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UNFAIR LABOUR PRACTICES - By employer - Anti-union animus - Discrimination - Interference with bargaining right

Thursday, June 01, 2017 @ 8:43 AM  


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Applications by the union and by the employer, FedEx, for judicial review of decision of the Industrial Relations Board finding that the employer had violated the Canada Labour Code in deciding to close the Surrey Service Centre and return to using local third-party cartage agents shortly after the Union had been certified to represent the dock associates working at the Centre, and of the remedy ordered. The employer had opened the Surrey Service Centre in 2013. In 2014, the Board certified the union, making it the first unionization of employees at any FedEx location in Canada. Before the commencement of collective bargaining, the employer informed the union that it had decided to close the Surrey Service Centre and to return to the third-party cartage model. The union filed a complaint alleging the employer breached its duty to bargain in good faith and unilaterally changed employees’ terms and conditions of employment during a freeze period. The Board found the employer did not engage in such conduct, but found that the employer’s closure announcement interfered with the formation and administration of the union and its representation of the dock associates. The Board found prima facie evidence of the Employer’s anti-union philosophy, which rendered unlawful the employer’s otherwise lawful right to close its business. The Board determined that the employer had discriminated against the dock associates because they participated in the formation of a trade union. The Board indicated that it would not compel an employer to continue operating a truly uneconomic undertaking. It ordered the employer to ensure that every dock associate would be offered employment by the third-party cartage agent on similar terms and conditions and that the union was recognized as the representative for the dock associates if the employees of the third-party cartage agent were not represented by a different trade union.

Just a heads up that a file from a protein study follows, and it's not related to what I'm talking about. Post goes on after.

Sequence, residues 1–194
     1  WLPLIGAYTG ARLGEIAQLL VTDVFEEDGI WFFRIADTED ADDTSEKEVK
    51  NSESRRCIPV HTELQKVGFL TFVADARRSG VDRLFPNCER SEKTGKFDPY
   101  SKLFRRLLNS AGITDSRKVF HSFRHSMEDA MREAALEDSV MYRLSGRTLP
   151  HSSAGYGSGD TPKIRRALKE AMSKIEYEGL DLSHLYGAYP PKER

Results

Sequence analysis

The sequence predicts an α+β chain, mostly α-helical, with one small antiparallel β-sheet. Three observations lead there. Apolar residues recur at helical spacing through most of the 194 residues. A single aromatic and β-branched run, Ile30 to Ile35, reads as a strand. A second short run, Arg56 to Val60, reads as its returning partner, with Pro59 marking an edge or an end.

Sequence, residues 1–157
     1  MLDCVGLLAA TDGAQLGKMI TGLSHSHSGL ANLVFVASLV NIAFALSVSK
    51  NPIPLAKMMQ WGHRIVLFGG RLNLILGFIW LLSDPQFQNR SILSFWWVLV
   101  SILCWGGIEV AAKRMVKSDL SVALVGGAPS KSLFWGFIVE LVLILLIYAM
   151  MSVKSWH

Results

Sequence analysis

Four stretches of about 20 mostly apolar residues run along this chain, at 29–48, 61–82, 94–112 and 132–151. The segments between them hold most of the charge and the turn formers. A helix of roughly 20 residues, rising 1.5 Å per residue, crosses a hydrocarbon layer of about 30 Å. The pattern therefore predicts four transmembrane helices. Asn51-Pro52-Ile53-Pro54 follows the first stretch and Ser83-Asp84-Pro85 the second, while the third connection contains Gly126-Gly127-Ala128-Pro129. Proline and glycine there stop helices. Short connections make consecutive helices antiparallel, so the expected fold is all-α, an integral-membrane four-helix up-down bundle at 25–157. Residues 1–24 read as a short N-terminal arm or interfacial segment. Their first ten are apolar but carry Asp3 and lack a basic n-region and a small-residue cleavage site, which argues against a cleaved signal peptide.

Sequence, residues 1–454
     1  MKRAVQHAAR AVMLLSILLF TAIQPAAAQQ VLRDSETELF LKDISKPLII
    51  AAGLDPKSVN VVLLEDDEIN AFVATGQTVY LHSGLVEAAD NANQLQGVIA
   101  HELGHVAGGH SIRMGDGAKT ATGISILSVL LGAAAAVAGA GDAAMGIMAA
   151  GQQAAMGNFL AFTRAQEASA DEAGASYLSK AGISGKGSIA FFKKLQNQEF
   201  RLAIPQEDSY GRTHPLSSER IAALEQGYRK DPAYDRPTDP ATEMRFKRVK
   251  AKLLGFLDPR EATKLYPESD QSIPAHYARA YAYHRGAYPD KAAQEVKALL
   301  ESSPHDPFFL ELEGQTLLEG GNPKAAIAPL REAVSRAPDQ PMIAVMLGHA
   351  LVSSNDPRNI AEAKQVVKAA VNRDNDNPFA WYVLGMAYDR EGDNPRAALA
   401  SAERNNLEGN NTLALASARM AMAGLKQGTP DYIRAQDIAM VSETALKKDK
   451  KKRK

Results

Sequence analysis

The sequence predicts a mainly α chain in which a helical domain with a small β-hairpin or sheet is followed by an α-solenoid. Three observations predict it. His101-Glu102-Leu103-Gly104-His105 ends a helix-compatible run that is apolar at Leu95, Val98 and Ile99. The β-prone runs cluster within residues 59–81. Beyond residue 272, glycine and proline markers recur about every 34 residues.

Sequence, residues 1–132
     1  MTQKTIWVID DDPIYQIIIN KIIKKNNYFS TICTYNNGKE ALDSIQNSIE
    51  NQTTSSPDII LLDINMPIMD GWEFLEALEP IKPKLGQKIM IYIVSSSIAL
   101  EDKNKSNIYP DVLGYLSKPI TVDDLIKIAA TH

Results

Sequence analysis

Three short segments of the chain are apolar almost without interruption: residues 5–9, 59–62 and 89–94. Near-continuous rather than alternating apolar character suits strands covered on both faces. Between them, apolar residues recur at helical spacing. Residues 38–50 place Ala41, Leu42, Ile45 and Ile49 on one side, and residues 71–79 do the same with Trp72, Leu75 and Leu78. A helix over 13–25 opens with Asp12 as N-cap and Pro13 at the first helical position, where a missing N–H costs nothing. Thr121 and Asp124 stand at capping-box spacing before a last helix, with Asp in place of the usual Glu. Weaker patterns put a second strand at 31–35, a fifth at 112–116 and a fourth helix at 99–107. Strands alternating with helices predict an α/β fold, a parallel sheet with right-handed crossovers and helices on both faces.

HELD: Applications dismissed. The Board did not err in finding that the employer was bargaining in good faith. The Board did not accept that any delays or lack of progress were due to the employer’s bad faith, as the union was either in agreement with the process or did not communicate concerns to the employer. The employer did not change the terms and conditions of employment during the prohibition period. It was not unreasonable for the Board to assess whether there had been an actual change in the dock associates’ terms and conditions of employment based on the circumstances where a closure had been announced but not yet implemented. A freeze provision did not operate to paralyze a business. The employer always retained its general management power. The presence of anti-union animus did not necessarily transform a business change into a freeze violation. The Board reasonably found that the employer had discriminated against the dock associates because they participated in the formation of a trade union. No matter the validity of the employer’s economic reasons for closure, it still had to demonstrate that its action was free from anti-union animus. The Board assessed the evidence surrounding the closure decision and determined that the suspicious timing and manner of the decision was such that the employer could not rebut the presumption of discrimination based on union participation. It was open to the Board to conclude that the intended closure could have a serious impact on the members of a bargaining unit and the union’s ability to represent them. In light of the Board’s finding of anti-union animus, it was reasonable for the Board to determine that, even though the employer had a business justification for the closure, its decision constituted a prohibited interference. The Board reasonably constructed a remedy on the basis that the closure had not yet occurred. The ordered remedy struck an appropriate balance between the employer’s economic interests in closing the Surrey Service Centre and the union’s interest in protecting its rights and its members.

FedEx Freight Canada, Corp. v. Teamsters Local Union No. 31, [2017] F.C.J. No. 423, Federal Court of Appeal, D.G. Near, R. Boivin and D.J. Rennie JJ.A., April 13, 2017. Digest No. TLD-May292017007